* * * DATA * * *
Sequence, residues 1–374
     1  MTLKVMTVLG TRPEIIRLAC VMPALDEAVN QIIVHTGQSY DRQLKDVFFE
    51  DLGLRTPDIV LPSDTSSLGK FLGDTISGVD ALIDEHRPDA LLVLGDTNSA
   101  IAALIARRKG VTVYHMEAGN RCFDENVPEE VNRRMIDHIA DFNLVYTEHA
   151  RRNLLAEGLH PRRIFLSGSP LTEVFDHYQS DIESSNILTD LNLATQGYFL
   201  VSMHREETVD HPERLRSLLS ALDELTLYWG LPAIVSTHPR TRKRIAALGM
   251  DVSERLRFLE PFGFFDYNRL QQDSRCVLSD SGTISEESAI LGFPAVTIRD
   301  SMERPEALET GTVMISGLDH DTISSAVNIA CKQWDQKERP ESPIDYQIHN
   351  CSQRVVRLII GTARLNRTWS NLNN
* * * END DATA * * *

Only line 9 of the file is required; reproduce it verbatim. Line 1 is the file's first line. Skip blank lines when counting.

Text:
   351  CSQRVVRLII GTARLNRTWS NLNN